Cross resistance with other fungicides

For practical applications, fungal isolates resistant to one benzimidazole fungicide usually are resistant to other members of this chemical class. Therefore combinations of various benzimidazole fungicides cannot be used as a resistance management tool. There is no positive cross resistance with commercial fungicides from other chemical classes, therefore combinations of benzimidazoles with companion fungicides with different target sites are an effective means of reducing resistance risk.

The unusual phenomenon of negative cross resistance has been reported between benzimidazole fungicides and two other chemical classes, N-phenylcarbamates and N-phenylformamidoximes. Fungal isolates sensitive to benzimidazoles are resistant to phenylcarbamates, like diethofencarb. Isolates that are resistant to benzimidazoles, however, are sensitive to phenylcarbamates. This phenomenon allows mixtures of these two classes to be used commercially for resistance management in Botrytis cinerea. Although isolates resistant to both classes have been detected, the low frequencies of double resistant isolates results in this mixture remaining effective.

Persistence of resistant isolates

Benzimidazole resistance generally is persistent, remaining stable in some areas 10 years or more after benzimidazole use was stopped. There have been a few exceptions. Benomyl was successfully used for over 10 years in some parts of the United States for cucurbit powdery mildew control even though resistant isolates were first detected before first commercial use of the fungicide. Monitoring demonstrated that the proportion of resistant isolates dropped after reduction of fungicide use and field efficacy was regained. With repeated use, however, the proportion of benomyl-resistant isolates increased and field efficacy decreased to the point where benomyl was no longer highly effective. A similar situation was reported for benzimidazoles used for the control of banana Sigatoka in Latin America.

Use recommendations

Due to the widespread incidence of benzimidazole resistance in many fungal populations, good resistance management practices must be implemented as soon as possible in order to delay or prevent further changes in sensitivity in the target pathogens.

There are no specific recommendations for benzimidazoles. Both mixtures and alternations are valid strategies to minimize the risk of resistance development. In case of tank-mixtures, the benzimidazole fungicide must be applied at its label dose together with the appropriate dose of an effective, non-cross-resistant partner fungicide. Benzimidazole-based products must be integrated in a spray program containing fungicides having a different site of action and effective on the target pest. In order to reduce selection pressure, the total number of benzimidazole applications should not exceed that indicated on the product label. The exclusive use of benzimidazole fungicides must be avoided. Post-infection, curative treatments must be reserved for special situations where no alternatives are available.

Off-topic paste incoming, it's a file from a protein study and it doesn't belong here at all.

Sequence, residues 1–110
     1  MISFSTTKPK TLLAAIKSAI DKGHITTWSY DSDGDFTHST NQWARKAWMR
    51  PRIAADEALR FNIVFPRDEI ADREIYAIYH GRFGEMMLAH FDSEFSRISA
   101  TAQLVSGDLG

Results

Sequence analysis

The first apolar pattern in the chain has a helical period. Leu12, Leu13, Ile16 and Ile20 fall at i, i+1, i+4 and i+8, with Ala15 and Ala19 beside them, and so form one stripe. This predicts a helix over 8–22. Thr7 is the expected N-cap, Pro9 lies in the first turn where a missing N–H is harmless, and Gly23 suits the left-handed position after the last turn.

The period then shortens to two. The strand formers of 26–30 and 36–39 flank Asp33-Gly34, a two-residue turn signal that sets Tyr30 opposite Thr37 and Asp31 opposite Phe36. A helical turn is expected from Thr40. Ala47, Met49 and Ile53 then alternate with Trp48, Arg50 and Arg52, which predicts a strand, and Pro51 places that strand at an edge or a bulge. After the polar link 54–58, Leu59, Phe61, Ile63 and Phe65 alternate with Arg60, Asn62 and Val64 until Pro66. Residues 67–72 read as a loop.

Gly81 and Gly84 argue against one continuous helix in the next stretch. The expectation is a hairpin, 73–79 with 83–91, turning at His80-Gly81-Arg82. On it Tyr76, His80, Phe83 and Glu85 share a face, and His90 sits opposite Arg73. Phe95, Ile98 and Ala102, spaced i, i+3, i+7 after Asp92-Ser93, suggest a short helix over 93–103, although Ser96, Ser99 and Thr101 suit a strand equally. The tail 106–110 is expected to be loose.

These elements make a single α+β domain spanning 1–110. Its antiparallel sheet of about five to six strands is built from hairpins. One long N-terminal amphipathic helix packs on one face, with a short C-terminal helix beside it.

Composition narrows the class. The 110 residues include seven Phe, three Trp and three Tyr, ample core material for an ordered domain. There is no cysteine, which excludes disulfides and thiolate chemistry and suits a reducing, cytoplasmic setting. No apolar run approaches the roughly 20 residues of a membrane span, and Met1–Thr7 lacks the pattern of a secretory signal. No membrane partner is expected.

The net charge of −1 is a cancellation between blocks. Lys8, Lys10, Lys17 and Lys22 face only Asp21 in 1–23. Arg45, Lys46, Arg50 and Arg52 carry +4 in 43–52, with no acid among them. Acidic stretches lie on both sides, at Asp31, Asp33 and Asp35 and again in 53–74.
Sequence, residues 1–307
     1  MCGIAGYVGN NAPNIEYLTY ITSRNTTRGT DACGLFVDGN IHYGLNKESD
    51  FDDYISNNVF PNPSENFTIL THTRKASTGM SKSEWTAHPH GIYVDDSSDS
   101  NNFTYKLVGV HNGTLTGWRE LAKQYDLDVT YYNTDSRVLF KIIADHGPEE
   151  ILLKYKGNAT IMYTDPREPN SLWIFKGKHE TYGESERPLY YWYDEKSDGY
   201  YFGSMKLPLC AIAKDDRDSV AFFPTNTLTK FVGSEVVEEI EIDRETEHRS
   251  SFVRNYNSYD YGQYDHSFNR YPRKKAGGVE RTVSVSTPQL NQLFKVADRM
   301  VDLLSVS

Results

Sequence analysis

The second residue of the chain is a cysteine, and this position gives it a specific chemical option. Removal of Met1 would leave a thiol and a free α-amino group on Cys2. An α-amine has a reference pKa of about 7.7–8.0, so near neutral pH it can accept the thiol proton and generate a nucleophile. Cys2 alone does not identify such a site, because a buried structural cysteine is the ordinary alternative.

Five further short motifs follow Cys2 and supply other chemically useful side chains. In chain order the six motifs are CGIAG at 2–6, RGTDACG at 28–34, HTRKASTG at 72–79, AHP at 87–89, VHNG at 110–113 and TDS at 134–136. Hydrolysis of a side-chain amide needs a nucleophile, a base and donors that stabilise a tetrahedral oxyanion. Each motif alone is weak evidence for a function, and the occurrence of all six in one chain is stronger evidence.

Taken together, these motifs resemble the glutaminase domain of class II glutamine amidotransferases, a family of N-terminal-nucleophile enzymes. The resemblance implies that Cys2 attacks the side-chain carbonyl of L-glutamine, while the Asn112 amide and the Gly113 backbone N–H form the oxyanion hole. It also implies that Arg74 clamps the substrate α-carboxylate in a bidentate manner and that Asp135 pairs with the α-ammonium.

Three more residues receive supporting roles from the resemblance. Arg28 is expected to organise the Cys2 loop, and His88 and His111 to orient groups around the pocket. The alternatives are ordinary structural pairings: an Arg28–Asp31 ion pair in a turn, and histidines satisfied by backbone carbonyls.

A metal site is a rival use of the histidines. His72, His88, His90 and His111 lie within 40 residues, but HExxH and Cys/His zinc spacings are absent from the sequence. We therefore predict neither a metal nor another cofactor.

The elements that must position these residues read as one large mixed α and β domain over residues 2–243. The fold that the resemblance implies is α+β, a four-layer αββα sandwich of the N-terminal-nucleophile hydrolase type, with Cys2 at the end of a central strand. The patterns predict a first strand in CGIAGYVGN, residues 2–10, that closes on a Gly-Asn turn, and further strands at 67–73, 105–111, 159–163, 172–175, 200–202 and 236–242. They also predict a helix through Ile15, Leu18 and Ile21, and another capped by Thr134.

The above recommendations must be integrated in an overall disease management program combining appropriate methods of cultural, biological as well as chemical disease control. Implementation of the above strategies must take into account the particular characteristics of the crop, pest and geographic area in which the benzimidazole product is to be applied.


Hollomon, D. W., J. A. Butters. 1994. Molecular determinants for resistance to crop protection chemicals. pp. 98-110 in G. Marshall, D. Walters (eds). Molecular Biology in Crop Protection. Chapman & Hall. London.

Ma, Z., M. A. Yoshimura, T. J. Michailides. 2003. Identification and characterization of benzimidazole resistance in Monilinia fructicola from stone fruit orchards in California. Applied & Environ. Microbiol. 69:7145-7152.

Hollomon, D. W., J. A. Butters, H. Barker, L. Hall. 1998. Fungal beta-tubulin, expressed as a fusion protein, binds benzimidazole and phenylcarbamate fungicides. Antimicrobial Agents & Chemotherapy 42:2171-2173.

McGrath, M. T. 2001. Fungicide resistance in cucurbit powdery mildew: experiences and challenges. Plant Disease 85:236-245 .

Delp, C. J. 1995. Benzimidazole and related fungicides. Chap. 14 (pp. 291-303) in Modern Selective Fungicides. ed. H. Lyr. VEB Gustav Fischer Verlag, Jena, and Longman Group UK Ltd., London.

UK Fungicide Resistance Action Group (FRAG)

Brown, T. (1992). Methods to evaluate adverse consequences of genetic changes caused by 5 pesticides. In: Scope 49 - Methods to assess adverse effects of pesticides on non-target organisms, Robert G. Tardiff, pp. 236-241.

Davidse L. C. Benzimidazole (1988) Fungicides: Mechanism of Action and resistance. In: Fungicide Resistance in North America, American Phytopathological Society, C. J. Delp Editor pp. 25-30.

Delp C. J. (1988) Resistance management strategies for benzimidazoles. In: Fungicide Resistance in North America, American Phytopathological Society, C. J. Delp Editor pp. 41-43.

Smith C. M. (1988) History of benzimidazole use and resistance. In: Fungicide Resistance in North America, American Phytopathological Society, C. J. Delp Editor pp. 23-24.

Delp, C. J. and H. L. Klopping. (1968) Performance Attributes of New Fungicide and Mite Ovicide Candidate. Plant Disease Reporter 52:95-99.

Experts on benzimidazole resistance
Andreas Mehl, Bayer CropScience
Beth Sears, CerexAgri Inc.
Charlie Delp, retired from DuPont
Duncan McKenzie, Syngenta

Jean-Luc Genet


DuPont de Nemours (France) S.A.S.
Crop Protection
24, rue du moulin
F-6870 Nambsheim, France
Tel. +33 38 98 32 712
Fax. +33 38 98 32 727
Email: Jean-Luc Genet